Author(s): Schadendorf D, Vaubel J, Livingstone E, Zimmer L
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Abstract Immunotherapy using unspecific modulators has a long tradition in the adjuvant treatment of stage II/III melanoma. Interferon has shown a consistent effect on relapse-free survival independent of interferon dosage and duration. The results of the american Joint Committee on Cancer (AJCC) Melanoma Staging Database analysis led to a strict inclusion of additional prognostic risk factors such as ulceration of the primary and microscopic lymph node involvement explored by the sentinel node biopsy in the revised 2009 AJCC classification. These factors are now being increasingly included as stratification factors into clinical trials and yield a new hypothesis that primarily patients with both characteristics benefit from adjuvant interferon treatment. In the metastatic situation, interleukin-2 is the only immunotherapeutic agent approved by the Food and Drug administration. In combination with interferon and/or with various chemotherapeutic agents, IL-2 is associated with substantial toxic effect and poor efficacy that does not improve overall survival (OS). Ipilimumab is a fully human, monoclonal antibody that blocks the cytotoxic T-lymphocyte antigen-4 and has recently been approved for metastatic melanoma based on two independent randomized phase III studies both demonstrating an improved OS rate after 1, 2, and 3 years compared with the control group. Based on this major step in treating metastatic melanoma, novel adjuvant strategies in stage III and combination therapies with targeted agents in stage IV are currently being explored.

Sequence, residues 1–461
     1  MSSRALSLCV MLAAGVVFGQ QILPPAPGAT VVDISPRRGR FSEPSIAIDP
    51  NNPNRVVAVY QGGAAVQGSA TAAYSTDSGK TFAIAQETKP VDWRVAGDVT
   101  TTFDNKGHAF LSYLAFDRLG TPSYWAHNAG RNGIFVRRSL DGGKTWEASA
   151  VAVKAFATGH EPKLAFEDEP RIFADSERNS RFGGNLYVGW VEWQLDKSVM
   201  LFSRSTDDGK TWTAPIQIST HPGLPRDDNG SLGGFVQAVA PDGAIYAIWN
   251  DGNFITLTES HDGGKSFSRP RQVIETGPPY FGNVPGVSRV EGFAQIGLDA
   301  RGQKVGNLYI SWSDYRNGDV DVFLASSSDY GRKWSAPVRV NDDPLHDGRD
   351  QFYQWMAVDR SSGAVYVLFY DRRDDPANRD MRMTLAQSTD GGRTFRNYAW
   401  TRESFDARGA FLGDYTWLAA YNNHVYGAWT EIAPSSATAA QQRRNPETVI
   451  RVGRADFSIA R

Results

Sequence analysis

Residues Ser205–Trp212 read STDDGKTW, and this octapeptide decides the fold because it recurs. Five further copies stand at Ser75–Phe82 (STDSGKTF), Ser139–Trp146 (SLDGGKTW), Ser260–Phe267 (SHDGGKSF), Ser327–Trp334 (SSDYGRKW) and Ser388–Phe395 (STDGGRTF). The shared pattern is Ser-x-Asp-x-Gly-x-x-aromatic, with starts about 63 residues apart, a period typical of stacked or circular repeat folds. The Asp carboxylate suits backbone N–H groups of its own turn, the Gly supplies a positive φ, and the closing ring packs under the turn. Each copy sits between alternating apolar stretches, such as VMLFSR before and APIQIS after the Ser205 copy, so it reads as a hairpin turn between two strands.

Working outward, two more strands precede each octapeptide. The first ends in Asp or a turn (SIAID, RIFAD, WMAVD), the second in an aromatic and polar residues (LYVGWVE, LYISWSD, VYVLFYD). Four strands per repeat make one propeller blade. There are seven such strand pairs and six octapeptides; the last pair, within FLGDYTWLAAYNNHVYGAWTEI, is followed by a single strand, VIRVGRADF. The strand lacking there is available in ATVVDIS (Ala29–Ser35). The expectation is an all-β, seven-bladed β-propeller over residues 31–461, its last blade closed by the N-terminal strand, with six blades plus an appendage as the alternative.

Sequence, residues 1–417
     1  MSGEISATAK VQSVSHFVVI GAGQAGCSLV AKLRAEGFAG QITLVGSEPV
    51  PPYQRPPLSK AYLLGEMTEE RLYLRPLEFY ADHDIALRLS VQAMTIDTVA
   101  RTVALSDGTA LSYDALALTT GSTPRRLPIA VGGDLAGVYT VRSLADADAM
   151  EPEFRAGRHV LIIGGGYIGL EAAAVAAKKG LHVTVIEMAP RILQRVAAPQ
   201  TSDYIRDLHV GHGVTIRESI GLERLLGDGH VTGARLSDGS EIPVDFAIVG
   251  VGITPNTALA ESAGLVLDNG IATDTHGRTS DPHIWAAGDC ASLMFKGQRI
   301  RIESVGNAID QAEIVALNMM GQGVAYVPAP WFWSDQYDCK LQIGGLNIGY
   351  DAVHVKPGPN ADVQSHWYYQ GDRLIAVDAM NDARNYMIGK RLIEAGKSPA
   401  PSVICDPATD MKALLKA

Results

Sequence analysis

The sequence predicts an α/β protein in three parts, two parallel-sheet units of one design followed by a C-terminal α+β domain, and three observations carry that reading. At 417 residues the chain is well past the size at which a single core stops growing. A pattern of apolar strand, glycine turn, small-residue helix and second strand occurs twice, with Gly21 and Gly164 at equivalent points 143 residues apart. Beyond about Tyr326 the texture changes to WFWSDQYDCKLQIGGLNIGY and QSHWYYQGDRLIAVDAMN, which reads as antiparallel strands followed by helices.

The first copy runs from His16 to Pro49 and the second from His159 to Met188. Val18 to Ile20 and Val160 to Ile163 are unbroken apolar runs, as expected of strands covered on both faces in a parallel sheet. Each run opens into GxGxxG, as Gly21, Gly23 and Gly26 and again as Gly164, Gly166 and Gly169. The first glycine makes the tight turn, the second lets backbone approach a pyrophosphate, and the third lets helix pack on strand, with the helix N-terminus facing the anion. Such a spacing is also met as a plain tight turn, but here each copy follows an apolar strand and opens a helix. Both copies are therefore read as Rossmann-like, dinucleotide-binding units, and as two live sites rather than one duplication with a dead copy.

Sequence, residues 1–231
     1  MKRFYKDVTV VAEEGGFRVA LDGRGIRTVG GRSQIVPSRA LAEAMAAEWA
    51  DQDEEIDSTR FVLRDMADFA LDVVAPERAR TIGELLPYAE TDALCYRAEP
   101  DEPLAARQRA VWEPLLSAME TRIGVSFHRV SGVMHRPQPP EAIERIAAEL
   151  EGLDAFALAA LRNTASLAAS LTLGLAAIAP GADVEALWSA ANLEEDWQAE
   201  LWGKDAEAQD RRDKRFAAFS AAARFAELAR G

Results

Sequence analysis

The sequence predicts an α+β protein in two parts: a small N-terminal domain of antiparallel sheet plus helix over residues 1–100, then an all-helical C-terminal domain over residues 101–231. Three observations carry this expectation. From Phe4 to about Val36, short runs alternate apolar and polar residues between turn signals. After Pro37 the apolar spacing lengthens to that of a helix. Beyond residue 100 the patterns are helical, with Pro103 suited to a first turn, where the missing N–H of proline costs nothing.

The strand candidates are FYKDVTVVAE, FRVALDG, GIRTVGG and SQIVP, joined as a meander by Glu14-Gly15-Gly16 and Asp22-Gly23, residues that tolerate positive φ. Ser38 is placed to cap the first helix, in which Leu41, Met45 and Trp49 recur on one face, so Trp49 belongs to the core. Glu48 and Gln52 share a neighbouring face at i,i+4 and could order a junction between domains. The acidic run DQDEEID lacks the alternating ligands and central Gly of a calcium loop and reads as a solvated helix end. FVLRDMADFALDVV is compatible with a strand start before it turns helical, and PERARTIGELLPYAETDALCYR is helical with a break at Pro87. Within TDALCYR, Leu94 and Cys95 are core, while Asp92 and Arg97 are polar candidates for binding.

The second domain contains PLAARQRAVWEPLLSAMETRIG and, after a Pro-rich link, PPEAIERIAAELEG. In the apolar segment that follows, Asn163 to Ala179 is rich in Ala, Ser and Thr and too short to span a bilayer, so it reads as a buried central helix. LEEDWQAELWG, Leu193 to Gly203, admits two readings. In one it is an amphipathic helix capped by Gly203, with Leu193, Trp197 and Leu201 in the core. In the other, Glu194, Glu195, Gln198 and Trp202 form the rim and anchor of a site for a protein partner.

This article was published in Ann Oncol
and referenced in Journal of Nanomedicine & Nanotechnology